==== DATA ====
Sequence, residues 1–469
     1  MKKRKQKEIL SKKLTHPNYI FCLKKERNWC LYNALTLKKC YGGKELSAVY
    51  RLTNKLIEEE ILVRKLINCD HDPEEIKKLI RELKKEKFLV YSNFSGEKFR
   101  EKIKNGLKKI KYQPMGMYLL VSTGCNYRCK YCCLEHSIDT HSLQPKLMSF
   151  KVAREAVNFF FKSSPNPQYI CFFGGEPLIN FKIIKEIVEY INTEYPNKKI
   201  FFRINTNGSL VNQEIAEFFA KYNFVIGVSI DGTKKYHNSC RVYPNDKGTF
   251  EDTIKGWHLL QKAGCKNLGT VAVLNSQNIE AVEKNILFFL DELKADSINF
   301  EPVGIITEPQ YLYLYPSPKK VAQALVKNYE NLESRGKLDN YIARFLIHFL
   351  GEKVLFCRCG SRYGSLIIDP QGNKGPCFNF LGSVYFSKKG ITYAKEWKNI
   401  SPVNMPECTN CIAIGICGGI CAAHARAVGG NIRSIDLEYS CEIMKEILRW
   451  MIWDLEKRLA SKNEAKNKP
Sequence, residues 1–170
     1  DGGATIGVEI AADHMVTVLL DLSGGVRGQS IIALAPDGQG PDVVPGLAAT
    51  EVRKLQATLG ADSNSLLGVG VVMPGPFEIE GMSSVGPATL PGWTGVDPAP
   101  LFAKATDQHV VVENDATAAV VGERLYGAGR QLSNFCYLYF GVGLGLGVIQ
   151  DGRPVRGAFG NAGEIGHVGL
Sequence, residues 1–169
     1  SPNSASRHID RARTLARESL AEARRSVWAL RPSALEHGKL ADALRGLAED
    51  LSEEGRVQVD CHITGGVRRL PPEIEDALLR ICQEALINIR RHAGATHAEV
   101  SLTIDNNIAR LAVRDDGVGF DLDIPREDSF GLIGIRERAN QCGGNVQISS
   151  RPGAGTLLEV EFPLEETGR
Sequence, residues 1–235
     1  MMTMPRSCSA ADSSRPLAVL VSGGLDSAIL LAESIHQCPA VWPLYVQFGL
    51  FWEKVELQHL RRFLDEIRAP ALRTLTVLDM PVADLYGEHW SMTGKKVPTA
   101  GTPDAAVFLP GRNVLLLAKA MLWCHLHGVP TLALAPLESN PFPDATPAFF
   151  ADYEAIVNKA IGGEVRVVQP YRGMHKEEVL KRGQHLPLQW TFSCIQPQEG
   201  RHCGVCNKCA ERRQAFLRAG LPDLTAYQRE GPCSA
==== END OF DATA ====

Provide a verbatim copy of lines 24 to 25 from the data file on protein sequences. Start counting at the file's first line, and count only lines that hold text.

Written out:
    51  FWEKVELQHL RRFLDEIRAP ALRTLTVLDM PVADLYGEHW SMTGKKVPTA
   101  GTPDAAVFLP GRNVLLLAKA MLWCHLHGVP TLALAPLESN PFPDATPAFF